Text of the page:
3rd August 1915 (Tuesday)

BORN TODAY: Roman Fischer, an Austrian fencer, and  Arthur Birch, an Australian chemist.




On the Italian Front: After 91,000 casualties the Second Battle of Isonzo on the Italian/ Austrian border (now the Soca valley in north west Slovenia) draws to a close because both sides have run out of ammunition, both for small arms and for artillery. [Wikipedia].


On the (Belgian) Home Front: British nurse Edith Cavell, who has been based in Brussels for many years, is arrested by the German authorities on suspicion of helping British, French and Belgian soldiers and citizens to escape from German occupied Belgium.


31st May 1915 (Monday)

BORN TODAY: in Canberra – Judith Wright, poet, environmentalist and campaigner for aboriginal land rights.



In Turkish Mesopotamia (now Iraq, allegedly) – British and Indian troops are pushing back the Turks as the Allied forces advance northward in an amphibious operation on the River Tigris. [Burg & Purcell]

On the Austrian Isonzo river in the Julian alps (now the Soca River in Slovenia), Italian forces are attempting to push back Austrian troops and to advance eastward into the province of Carnolia (northern Slovenia). [Burg & Purcell]

26th April 1915 (Monday)

BORN TODAY: in Furth, Bayern, Germany – Ludwig Schweickert, European wrestler killed in action during World War 2.


ACCIDENTS: In the English village of Brayton in Cumberland, a pit explosion injures 8 miners, seven of whom will subsequently die of their injuries.



World affairs: In London,  Italian diplomats agree to declare war on Germany and her allies within one month, in exchange for territory in the South Tyrol, and in the Adriatic, including Gorizia, Istria and most of Dalmatia – the homes of 230,000 German speaking Austrians and around 750,000 Slovenes and Croats, far outnumbering the 650,000 Italians also residing there. [The White War: Life and Death on the Italian Front, 1915-1919].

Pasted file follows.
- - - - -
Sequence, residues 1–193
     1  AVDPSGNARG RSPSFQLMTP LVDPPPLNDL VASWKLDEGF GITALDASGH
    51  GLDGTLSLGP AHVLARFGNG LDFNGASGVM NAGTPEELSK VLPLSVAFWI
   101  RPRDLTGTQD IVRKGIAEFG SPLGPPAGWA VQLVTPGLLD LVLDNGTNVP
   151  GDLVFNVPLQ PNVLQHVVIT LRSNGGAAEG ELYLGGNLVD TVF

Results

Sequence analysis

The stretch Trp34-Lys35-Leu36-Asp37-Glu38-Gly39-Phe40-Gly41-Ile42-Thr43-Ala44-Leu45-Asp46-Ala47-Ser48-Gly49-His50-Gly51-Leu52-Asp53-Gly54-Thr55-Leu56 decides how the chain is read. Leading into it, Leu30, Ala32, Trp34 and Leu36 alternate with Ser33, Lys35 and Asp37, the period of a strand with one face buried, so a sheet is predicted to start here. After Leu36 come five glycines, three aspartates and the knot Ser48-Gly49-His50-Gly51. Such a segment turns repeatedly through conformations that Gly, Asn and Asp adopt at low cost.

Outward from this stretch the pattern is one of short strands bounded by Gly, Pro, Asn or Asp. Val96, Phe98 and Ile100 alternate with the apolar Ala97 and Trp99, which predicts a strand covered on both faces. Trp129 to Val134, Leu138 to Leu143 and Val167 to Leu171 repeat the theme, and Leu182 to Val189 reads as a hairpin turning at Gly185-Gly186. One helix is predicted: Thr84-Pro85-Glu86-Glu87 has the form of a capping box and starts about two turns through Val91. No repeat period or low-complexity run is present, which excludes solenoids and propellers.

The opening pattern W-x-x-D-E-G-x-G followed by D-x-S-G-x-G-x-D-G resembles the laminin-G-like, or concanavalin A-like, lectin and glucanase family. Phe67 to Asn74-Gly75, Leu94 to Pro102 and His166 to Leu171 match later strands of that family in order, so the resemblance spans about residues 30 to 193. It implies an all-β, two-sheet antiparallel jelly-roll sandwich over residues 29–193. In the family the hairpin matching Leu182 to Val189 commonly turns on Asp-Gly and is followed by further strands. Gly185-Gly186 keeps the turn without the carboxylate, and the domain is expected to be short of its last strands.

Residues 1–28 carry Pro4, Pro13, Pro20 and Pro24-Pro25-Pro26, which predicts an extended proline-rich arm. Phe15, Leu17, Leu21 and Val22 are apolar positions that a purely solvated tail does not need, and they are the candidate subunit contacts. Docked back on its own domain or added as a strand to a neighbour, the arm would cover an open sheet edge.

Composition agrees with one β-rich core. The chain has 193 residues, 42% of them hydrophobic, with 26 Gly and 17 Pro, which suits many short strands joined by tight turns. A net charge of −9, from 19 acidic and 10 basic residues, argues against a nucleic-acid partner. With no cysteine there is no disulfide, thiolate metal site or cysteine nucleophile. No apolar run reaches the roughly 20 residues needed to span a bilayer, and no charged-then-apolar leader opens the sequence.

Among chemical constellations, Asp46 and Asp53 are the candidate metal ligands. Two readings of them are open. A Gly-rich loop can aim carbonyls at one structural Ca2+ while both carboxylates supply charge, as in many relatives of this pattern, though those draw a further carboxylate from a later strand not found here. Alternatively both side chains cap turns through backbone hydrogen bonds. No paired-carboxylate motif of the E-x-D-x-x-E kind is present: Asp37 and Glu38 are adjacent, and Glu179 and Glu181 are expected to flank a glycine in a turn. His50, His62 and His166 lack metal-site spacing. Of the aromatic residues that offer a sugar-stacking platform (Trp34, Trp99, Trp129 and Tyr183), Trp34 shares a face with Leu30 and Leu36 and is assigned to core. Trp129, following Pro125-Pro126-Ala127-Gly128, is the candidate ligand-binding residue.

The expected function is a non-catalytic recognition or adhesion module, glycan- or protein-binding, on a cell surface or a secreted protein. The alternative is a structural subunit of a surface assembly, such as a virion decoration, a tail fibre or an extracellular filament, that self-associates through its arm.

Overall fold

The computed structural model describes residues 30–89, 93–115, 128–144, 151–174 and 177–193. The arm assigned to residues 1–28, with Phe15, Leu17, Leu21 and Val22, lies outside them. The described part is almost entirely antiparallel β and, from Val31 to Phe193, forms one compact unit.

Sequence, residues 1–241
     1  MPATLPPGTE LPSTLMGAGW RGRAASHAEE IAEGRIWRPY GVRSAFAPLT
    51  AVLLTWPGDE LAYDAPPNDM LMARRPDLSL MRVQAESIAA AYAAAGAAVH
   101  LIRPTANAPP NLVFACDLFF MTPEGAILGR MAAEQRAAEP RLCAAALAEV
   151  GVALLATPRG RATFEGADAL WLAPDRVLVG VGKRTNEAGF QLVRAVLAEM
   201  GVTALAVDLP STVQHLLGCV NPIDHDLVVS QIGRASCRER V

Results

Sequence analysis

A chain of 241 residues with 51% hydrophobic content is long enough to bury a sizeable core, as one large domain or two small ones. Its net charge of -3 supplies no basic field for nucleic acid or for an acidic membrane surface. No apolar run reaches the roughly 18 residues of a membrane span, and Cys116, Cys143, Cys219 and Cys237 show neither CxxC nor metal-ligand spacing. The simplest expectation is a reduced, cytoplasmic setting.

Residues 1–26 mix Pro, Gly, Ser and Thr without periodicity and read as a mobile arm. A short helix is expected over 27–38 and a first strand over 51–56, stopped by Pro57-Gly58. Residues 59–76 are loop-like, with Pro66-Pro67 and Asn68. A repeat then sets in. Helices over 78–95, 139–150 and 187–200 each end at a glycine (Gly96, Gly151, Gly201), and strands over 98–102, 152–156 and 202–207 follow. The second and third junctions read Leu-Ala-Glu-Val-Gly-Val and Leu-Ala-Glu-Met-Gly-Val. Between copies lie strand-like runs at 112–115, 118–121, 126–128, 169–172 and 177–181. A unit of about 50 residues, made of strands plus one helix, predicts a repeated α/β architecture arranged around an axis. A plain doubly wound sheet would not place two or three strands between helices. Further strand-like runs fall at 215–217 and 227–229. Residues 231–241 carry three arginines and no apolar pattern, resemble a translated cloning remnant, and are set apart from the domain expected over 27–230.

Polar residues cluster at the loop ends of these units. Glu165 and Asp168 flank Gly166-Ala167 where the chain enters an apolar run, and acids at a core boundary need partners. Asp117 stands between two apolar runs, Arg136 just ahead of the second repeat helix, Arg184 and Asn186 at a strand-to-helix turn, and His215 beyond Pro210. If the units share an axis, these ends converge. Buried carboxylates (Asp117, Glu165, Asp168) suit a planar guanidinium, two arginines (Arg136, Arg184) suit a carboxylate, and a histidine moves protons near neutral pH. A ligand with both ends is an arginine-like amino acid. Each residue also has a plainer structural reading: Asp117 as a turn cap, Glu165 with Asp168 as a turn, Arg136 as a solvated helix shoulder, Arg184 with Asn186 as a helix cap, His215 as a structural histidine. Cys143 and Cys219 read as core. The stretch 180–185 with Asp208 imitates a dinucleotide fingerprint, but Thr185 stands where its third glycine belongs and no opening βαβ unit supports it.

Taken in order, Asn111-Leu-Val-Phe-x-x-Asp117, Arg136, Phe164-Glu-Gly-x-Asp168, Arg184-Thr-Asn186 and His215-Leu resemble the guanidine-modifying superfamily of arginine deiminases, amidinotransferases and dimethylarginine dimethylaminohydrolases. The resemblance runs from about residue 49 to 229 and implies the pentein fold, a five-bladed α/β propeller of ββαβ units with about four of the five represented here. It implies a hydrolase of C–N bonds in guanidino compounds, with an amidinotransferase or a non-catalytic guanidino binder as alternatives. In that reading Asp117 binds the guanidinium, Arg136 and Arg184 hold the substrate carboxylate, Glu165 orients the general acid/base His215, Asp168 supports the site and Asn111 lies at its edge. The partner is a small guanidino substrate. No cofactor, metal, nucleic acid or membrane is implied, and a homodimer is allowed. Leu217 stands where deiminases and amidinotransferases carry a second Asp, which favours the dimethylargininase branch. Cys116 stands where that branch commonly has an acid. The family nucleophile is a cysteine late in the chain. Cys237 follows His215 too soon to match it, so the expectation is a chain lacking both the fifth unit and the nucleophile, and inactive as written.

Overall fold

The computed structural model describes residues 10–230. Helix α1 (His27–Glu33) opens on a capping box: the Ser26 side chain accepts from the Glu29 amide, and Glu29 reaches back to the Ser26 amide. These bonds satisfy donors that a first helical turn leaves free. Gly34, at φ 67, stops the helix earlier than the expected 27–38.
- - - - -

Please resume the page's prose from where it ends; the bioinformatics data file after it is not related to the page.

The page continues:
Dardanelles: British submarine E-14 successfully passes through the Dardanelles, reaching the sea of Marmara and sinking a Turkish gunboat. [Burg & Purcell].

1st March 1915 (Monday)

BORN TODAY: in Solesmes, in northern France – Gustave Choque, mathematician.



Southern Europe: Stirred in part by the belief that the Allies are making progress against Turkey in the Dardanelles, and therefore might overwhelm Turkey before the Italians have created a negotiating position fror themselves, the Italian general staff puts the army on a “red alert” for mobilisation. A secret proposal is presented in London whereby Italy’s reward for joining the Allies would be significant gains in the South Tyrol, Trieste, Gorizia and Istria, Dalmatia, Kotor (in modern Montenegro) and Albania, effectively turning the Adriatic into an Italian fjord. [Mark Tompson: “The White War, Life and Death on the Isonzo Front, 1915-1919″].

In the Dardanelles:  British fishing trawlers, equipped as minesweepers and with largely civilian crews, begin a two week attempt to clear the straits of mines.


The Home Front: in London, on St David’s Day, the newly formed Welsh Guard (part of the British Guards Division) mounts its first “Kings Guard” at Buckingham Palace.


6th September 1914 (Sunday)

BORN TODAY: In Accra on the Gold Coast (now Ghana) – Jacob Hackenburg Griffiths-Randolph, Ghanaian Commissioner of Income Tax; political exile; Speaker of Parliament of Ghana; and father-in-law of Nana Addo Dankwa Akufo-Addo, the contemporary Ghanaian politician and contender for the 2016 Presidential election.



Western Front: German, French and British troops clash on the first day of the Battle of the Marne. In the stuff of legends, and at a crucial stage on this first day, the Parisian authorities send an additional 6000 troops who are de-training in Paris back to the front in Parisian taxis.

[Tuchman – the Guns of August]

West Africa: At the Battle of Nsanakong in Kamerun, German forces successfully expel a British invasion force, pushing it back into Nigeria one week after the original incursion.


Eastern Front: Writing from the small spa resort of Trenčianske Teplice (now in in Western Slovakia) Žiga, a Hungarian or Slovenian soldier writes to his wife:

“I wrote you a letter in the morning, but I don’t know if you’ll get it. I received your postcard, but not a closed letter. After 24 hours of travelling we arrived to Trenčianske Teplice at noon. We’ll have lunch here and then move on. Don’t write until I send you an address. I won’t receive your letters. Staying yours faithful husband,


They just brought 2000 Russians; I have seen a Russian soldier”


25th July 1914 (Saturday)

BORN TODAY: in Nabrežina near Trieste (then the Mediterranean port of the Austro-Hungarian Empire, eventually annexed by Italy at the expense of its Slovene community)  – Miroslav Zei, Slovenian marine biologist, after whom the The Miroslav Zei Award  for outstanding scientific achievements in Biology (bestowed by the Slovenian National Institute of Biology) is named.